• Classification: a three gait neural network classifier classifies the gait into one of these classes:
  1. 1. Level (moving in the horizontal plane - 2D)
  2. 2. Up (stairs, ramp, etc.)
  3. 3. Down (stairs, ramp, etc.)
While no movement or "garbage" movement is not a neural network class, a garbage gait is determined in a separate process to denote motion that does not produce displacement (if it does not satisfy certain criteria then it is considered garbage). For example, running in place would be garbage motion. The neural net used in this embodiment is a feed-forward back propagation network that has 2 hidden layers, as further illustrated in Table 1. TABLE 1
Layer Number of nodes
Input 67
Hidden layer 1 40
Hidden layer 2 24
Output 3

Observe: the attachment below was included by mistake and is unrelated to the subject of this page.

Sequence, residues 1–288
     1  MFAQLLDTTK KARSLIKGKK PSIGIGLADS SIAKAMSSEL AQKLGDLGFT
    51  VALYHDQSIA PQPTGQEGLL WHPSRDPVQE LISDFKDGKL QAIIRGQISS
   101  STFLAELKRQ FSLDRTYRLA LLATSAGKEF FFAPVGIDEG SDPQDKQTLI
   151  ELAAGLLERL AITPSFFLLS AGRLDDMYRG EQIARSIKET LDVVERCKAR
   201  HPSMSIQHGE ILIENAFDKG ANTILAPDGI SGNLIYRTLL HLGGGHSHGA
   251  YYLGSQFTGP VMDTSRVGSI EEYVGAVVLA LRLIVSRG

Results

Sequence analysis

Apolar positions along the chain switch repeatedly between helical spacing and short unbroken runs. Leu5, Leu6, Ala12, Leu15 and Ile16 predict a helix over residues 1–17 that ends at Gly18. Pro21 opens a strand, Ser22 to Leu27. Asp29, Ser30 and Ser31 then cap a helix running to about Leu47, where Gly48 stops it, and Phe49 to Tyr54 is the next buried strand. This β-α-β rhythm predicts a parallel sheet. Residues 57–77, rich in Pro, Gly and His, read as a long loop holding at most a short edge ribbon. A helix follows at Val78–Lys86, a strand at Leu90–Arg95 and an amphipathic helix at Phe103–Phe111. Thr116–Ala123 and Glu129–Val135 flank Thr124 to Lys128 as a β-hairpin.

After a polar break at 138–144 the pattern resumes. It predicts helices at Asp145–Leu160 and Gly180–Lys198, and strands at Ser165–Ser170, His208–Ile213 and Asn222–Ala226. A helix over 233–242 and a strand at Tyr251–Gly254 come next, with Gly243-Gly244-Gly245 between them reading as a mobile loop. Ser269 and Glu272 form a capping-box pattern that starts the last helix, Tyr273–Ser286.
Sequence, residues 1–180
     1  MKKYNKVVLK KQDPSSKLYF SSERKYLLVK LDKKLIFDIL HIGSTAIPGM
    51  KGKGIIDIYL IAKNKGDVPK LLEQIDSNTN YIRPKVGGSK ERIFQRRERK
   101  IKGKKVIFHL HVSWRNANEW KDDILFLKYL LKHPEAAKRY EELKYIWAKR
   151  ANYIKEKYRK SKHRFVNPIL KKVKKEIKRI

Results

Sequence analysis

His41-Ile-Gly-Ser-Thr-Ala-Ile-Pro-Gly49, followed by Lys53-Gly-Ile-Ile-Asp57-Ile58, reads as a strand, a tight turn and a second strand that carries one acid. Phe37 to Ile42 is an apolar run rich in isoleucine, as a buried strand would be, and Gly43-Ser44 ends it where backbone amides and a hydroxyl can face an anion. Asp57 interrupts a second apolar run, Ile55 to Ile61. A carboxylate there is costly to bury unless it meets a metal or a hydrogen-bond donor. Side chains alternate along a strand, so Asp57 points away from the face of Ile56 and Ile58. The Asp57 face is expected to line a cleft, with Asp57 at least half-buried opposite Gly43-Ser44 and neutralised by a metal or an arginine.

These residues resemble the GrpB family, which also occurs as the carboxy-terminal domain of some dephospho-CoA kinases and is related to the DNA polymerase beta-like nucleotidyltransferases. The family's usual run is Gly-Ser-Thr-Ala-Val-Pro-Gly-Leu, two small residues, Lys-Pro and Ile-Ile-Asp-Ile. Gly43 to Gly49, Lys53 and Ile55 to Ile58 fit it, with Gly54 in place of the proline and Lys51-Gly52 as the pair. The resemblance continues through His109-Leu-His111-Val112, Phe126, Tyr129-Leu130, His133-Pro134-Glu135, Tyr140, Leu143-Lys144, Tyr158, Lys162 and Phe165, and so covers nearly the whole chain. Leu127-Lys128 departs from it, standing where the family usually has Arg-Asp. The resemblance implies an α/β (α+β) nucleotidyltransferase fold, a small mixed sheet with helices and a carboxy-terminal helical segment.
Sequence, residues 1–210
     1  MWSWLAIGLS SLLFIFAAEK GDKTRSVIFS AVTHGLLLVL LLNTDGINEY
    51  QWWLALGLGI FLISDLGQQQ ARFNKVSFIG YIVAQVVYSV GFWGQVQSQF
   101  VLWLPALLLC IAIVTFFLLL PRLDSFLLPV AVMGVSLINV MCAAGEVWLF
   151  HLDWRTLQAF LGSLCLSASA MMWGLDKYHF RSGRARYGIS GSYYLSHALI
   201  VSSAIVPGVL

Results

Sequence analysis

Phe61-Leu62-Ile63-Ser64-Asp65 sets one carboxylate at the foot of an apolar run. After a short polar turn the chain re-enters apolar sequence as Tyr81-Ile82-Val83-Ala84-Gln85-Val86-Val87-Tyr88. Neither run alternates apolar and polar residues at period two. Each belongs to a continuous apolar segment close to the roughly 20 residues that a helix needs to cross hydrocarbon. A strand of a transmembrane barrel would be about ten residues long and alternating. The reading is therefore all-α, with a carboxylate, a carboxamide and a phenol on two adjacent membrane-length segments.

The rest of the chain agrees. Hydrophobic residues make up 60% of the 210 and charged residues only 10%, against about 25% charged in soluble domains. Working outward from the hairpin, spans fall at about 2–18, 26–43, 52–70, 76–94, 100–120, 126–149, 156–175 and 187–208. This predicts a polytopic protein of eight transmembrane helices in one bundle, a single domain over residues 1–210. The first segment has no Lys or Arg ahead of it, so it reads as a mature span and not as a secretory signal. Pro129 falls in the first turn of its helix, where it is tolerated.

The inputs to the neural net should be chosen so they are invariant to motion speed, amplitude, and quickly capture changes in the subject's motion. Also the inputs should be normalized so that no input is inadvertently weighted more than another value. To accomplish this, classification is done on a per step basis. The sensor data taken over each step is re-sampled to provide 10 values regardless of the motion speed over the step. The data for each input value is normalized to be between +1 and -1 by referencing a very large data set of human motion data and determining the range for each input value. The inputs to the neural network are as follows: Once a step is detected, the tilt compensated (navigation frame) angular velocity and acceleration values are integrated over the step to produce a sequence of angle and velocity vectors. The angle, velocity and acceleration vectors are then normalized and re-sampled to give ten values each for the x, y, and z components of the angle (θx, θy, θz) and velocity (vx, vy, vz). These are the first 60 inputs noted in Table 1. The subsequent seven inputs noted in Table 1 are the acceleration amplitude difference over the step, max(ax )-min(ax ), max(ay )-min(ay ), max(a 2)-min(az ), the posture vector (px, py, pz) (i.e. orientation vector) at the end of the step, and the index where magnitude of the x y plane acceleration, a x 2 + a y 2 ,